I have written about my adjustment to the Dutch way of life, and one of my challenges has been going out to eat. It is unusual to find any place serving breakfast. It was also a big surprise to find out that there are no free coffee refills in the Netherlands. I might add that going out to eat is also very expensive. Going out to lunch for two people will cost about 24 euros and that is being conservative.

So the big news is that the other day I had breakfast  for one euro (that is $1.37). AND I had free refills for my coffee. What kind of place is serving breakfast at 9am in this country? How can they possibly charge just one euro for a breakfast and then not charge for extra cups of coffee?!! I have one word for you: Ikea.

If you have had breakfast at your local Ikea, then you know what I am talking about. For one euro, I got: a croissant, a small hard roll, one slice of cheese, a hard boiled egg and coffee or tea. Oh, I also got a small container of jam and butter. And I could fill my coffee cup as much as I wanted to. There was no free cookie, but who cares? There was an abundance of coffee. And on this day, everyone could get a free slice of apple pie.

The restaurant was almost packed at 9:15am with a diverse crowd of hungry people. There were lots of young families and seniors too. As soon as a table was empty, new people sat down. All eating the same one euro breakfast. Some people had orange juice or milk, but all of our plates looked the same. There is a picture of this breakfast near the entrance of the restaurant, and I promise you, that my plate and hundreds of other plates, looked exactly the same as that picture.

In America, when you go out for breakfast, the plates don’t match. Diners have such a variety of choices and they are all over the map with their selections. On the menu, you have about 8 types of omellettes, pancakes and waffles, scrambled eggs and fried eggs, bagels, poached eggs, eggs benedict, egg sandwiches, bacon, sausages, ham and toast. Lots and lots of toast. And there is unlimited coffee and tea. BUT none of these meals are equal to one euro.

So if you don’t mind having a choice. If you don’t mind creating your own plate. If you don’t mind getting your own food and having a flashback of your school cafeteria, then Ikea is the place to go. By the way, once I went into the store it was pretty obvious that most people were in the building for the food, as the rest of the store was pretty quiet. The quality of the food was absolutely fine and I began studying how people approached their plate. Were they going to peel the egg first? Did they cut open the roll or eat it like a pirate? What in the world did they do with that slice of cheese? How many people used their butter and jam and how many just put them in their pocket or purse? Did I actually see people smiling when they went back for second cups of coffee? Oh yeah, you know I did. I don’t know about the rest ofUtrechton this Saturday morning, but I can tell you that there were a few hundred Dutch people who were very happy. They got a breakfast for one euro and free refills. Make that hundreds of Dutch people and one American.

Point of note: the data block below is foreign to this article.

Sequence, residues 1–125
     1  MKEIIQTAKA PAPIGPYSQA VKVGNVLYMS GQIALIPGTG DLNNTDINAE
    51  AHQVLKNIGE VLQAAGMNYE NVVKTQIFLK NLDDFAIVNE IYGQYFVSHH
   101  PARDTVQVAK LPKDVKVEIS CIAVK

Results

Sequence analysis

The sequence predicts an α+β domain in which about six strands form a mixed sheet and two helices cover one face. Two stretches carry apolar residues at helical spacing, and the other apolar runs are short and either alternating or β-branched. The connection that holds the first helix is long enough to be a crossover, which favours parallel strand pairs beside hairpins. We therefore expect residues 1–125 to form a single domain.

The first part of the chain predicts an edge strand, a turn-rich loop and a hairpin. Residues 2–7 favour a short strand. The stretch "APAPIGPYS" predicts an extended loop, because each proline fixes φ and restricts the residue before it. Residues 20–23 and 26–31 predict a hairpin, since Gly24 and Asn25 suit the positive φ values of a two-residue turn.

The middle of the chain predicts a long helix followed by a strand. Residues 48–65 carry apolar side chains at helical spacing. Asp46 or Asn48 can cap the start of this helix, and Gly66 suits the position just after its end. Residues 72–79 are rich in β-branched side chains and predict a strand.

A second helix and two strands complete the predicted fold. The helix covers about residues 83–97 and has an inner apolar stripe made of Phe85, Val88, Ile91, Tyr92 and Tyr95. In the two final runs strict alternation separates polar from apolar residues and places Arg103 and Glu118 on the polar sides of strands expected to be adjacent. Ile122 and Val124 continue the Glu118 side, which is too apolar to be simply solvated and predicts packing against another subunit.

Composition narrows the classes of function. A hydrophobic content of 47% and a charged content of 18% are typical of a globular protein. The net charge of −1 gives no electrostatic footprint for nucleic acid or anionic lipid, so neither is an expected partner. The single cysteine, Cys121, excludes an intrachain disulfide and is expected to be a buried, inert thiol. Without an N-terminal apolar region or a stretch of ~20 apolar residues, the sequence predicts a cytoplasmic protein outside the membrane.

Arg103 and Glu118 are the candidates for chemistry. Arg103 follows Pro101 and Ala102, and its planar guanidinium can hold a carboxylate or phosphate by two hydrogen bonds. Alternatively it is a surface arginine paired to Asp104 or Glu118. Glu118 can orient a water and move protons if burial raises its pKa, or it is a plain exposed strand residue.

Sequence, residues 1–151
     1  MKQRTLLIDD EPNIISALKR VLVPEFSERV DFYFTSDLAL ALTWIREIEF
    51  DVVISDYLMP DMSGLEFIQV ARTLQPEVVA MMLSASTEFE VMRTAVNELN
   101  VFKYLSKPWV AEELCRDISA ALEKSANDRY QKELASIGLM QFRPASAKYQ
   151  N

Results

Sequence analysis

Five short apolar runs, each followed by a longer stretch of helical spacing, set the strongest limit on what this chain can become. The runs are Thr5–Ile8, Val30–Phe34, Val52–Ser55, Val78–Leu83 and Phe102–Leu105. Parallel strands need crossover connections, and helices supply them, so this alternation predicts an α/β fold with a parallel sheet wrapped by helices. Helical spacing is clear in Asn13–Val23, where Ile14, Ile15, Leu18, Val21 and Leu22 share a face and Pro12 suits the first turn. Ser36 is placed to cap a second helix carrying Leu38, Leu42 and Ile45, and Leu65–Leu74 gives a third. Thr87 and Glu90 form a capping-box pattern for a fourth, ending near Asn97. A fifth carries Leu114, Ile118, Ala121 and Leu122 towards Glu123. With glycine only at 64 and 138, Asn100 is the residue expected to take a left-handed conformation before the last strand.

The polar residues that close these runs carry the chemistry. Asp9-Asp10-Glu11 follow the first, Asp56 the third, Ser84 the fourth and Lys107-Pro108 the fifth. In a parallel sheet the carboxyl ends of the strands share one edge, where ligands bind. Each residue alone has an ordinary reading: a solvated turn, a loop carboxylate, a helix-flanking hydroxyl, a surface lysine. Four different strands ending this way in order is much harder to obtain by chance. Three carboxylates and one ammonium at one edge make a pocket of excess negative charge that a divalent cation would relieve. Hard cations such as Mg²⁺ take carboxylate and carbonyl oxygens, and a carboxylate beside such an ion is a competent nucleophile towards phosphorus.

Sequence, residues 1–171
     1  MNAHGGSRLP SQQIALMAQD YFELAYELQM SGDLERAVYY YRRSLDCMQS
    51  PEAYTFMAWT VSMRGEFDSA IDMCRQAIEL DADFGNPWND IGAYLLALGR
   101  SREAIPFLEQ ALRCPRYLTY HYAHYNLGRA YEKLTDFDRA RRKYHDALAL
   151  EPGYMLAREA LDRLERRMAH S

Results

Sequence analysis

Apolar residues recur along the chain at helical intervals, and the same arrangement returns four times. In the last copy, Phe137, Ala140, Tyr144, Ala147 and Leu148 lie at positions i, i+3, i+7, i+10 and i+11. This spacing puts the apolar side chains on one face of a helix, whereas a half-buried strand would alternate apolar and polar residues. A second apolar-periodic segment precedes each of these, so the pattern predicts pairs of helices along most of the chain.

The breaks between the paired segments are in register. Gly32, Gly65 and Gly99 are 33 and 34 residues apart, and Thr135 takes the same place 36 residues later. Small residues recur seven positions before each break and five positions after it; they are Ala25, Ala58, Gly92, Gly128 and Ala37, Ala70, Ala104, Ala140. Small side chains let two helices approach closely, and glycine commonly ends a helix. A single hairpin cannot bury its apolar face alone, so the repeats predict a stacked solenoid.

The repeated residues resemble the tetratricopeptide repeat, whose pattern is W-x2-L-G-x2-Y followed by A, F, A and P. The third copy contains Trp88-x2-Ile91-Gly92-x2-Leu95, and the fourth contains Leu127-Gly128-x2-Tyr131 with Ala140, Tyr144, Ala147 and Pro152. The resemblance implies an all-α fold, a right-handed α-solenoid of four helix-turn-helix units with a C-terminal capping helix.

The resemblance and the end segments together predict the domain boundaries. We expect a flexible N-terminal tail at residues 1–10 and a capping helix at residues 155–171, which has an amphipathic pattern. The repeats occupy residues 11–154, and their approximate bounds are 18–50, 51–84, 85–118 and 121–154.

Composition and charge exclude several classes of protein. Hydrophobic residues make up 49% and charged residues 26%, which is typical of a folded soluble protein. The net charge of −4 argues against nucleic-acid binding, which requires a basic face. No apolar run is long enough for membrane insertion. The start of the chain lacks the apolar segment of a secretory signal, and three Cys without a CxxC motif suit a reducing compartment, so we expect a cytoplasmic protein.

I wondered if Ikea served the same breakfast in every country and this is what I found out:

  • Perth, Australia—you can get a hot breakfast of beans, sausage, bacon, hot tomato, scrambled eggs and hash browns for $3.95. But on Wednesdays, the cost is $1.95
  • United States—on Mondays you can get a free breakfast until 11am. But the rest of the week, you can get scrambled eggs, bacon and hash browns for 99 cents
  • Stockholm, Sweden—it looks like the Swedish breakfast is just like the Dutch breakfast

It seems to be that the international breakfast menus are reflective of its host country. The Swedish and Dutch have the most simple fare and that is consistent with what I have learned living here. The only things missing are Nutella and chocolate sprinkles.

No matter what, whether the price is one euro or four euros, it is another brilliant move by this company. Imagine going to Ikea for breakfast and spending a few euros in the restaurant and then going into the store and spending 80 euros on candles, towels, a wok and a bookshelf. You have to walk through the store and pass by all of its eye candy as you enter and leave the restaurant. You are a captive customer with an empty or full stomach and you will likely spend money. And I am assuming (please correct me if I am wrong) that in all Ikea stores, there are free refills of coffee and tea. I know I am an sentimental optimist, but I dream of free coffee refills all around the globe. I should ask Hillary Clinton if she gets free refills in all the countries she visits. No matter what, I say thank you, Ikea.

Here are some books I desperately want to read, all published in 2011:

 The Marriage Plot by Jeffrey Eugenides

NIghtwoods by Charles Frazier

The Art of Fielding by Chad Harbach

Cat’s Table by Michael Ondaatie

To my friends-notice that they are all male writers!

Post a comment or leave a trackback: Trackback URL.


  • Sandra  On December 28, 2011 at 8:13 pm

    Thanks to you, we enjoyed the 99 cent breakfast at IKEA for 3 mornings in a row when we were visitors in Bollingbrook, IL. We raved about it so, that others in our wedding party joined us on our last day there. We’d never have thought of it unless we’d read your posting. Thank you.

Leave a Reply

Fill in your details below or click an icon to log in: Logo

You are commenting using your account. Log Out / Change )

Twitter picture

You are commenting using your Twitter account. Log Out / Change )

Facebook photo

You are commenting using your Facebook account. Log Out / Change )

Google+ photo

You are commenting using your Google+ account. Log Out / Change )

Connecting to %s

%d bloggers like this: